September 25th, 2009

This IS me (by schwitters)Default

So Damn Lonely

I was listening to Radio 2 the other night (it was Paul Jones, whom I only really half-listen to and think of as 'that guy who does for blues what Bob Harris does for country and Mike Harding does for folk') when I heard something I liked so much I Listened Again the next morning to get the name of the artist, which I'd failed to catch.

I was hooked by the title, then by the opening, which made me think of the intro to 'Still Crazy After All These Years' with a touch of Dire Straits pasted over the top, then by the way it goes from blues to full-on power ballad.

It turned out to be 'Sloe Gin' by Joe Bonamassa. Enjoy.

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This IS me (by schwitters)Default

Normandy 4: La Route du Cidre

I spent my birthday on the Cider Trail.

This is a 40-kilometre route through the area around Cambremer, the Cider Capital of Cider Country. It's really meant for cycling and was a rather quick tour on motorbikes, but we enjoyed the dusty little roads as they jogged along through apple orchards and quaintly-named villages like Bonnebosq and St. Ouen-Le-Pin. Acting on a tip from cider-loving friends, we chose the criminally pretty Beuvron-en-Auge for a lunch of galettes.

A leaflet from the tourist information centre lists cider makers along the route. Wherever you see the 'Cru de Cambremer' sign (the appellation d'origine contrôlée which guarantees quality), you are encouraged to stop off, sample the cider, Calvados and pommeau (an aperitif made by blending Calvados and apple juice), and, at certain farms, inspect the manufacturing equipment.

We rode past several of these establishments, spotting the signs too late, so when we spied one directing us up a farm track we seized upon it. At the top we found a perfectly ordinary-looking house and waited in the garage looking at a display of cider bottles until the owner shuffled in to check us out.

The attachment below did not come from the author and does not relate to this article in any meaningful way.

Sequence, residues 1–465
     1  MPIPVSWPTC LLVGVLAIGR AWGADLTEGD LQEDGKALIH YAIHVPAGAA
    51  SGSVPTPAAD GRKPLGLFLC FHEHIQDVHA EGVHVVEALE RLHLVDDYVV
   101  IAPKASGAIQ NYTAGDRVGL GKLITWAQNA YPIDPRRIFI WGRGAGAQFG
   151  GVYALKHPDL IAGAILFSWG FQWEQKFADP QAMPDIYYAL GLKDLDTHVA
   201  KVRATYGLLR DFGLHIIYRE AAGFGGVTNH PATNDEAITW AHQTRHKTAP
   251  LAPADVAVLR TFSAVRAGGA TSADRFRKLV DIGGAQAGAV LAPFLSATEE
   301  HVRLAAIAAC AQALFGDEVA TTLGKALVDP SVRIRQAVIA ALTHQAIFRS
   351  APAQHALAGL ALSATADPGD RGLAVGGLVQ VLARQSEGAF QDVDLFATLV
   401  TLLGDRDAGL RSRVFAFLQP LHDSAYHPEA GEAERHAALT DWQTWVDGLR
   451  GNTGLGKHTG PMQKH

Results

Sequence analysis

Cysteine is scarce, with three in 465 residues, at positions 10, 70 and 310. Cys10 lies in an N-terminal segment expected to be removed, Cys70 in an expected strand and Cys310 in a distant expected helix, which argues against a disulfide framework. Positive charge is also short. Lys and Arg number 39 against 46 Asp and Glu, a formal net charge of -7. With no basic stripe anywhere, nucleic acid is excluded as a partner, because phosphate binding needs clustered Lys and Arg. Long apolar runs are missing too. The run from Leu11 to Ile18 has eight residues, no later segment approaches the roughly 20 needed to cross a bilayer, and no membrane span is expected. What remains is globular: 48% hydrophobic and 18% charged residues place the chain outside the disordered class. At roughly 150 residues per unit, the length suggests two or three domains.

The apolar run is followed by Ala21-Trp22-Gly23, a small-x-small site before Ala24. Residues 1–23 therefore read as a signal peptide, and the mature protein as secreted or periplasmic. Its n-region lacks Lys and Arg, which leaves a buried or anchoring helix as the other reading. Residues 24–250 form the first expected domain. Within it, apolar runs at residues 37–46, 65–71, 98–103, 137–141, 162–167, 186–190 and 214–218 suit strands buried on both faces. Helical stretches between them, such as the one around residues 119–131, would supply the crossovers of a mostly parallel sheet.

I'm going to assume for the sake of my ego that he was deaf, because he couldn't understand a word I said. We could taste, he told us, but we couldn't visit; in our excitement we had forgotten to check whether his place was one of those offering a tour.

Attempts to communicate became more and more awkward until we bought a bottle of cider out of shame, and fled.

"Merci," I said as we left.

"Comment?"

We made certain that the next stop on the trail was visitable, and followed the sign with some trepidation. We came to a half-timbered farmhouse with a gleaming pond, a riot of flowers scrambling over an old cider press, and a cream Labrador who wheezed cheerfully at us around the bone he refused to put down.

The owner was a brisk lady who didn't speak English but whose French was very clear and who - hurrah! - understood mine too. I asked several pointless questions for the sheer joy of interaction. Along with a Swedish couple, we examined the old machinery, inspected the Calvados distillery, sampled everything in the shop and walked away with drinkable souvenirs.

I somehow forgot to take any photos, but the first picture on this page is the one.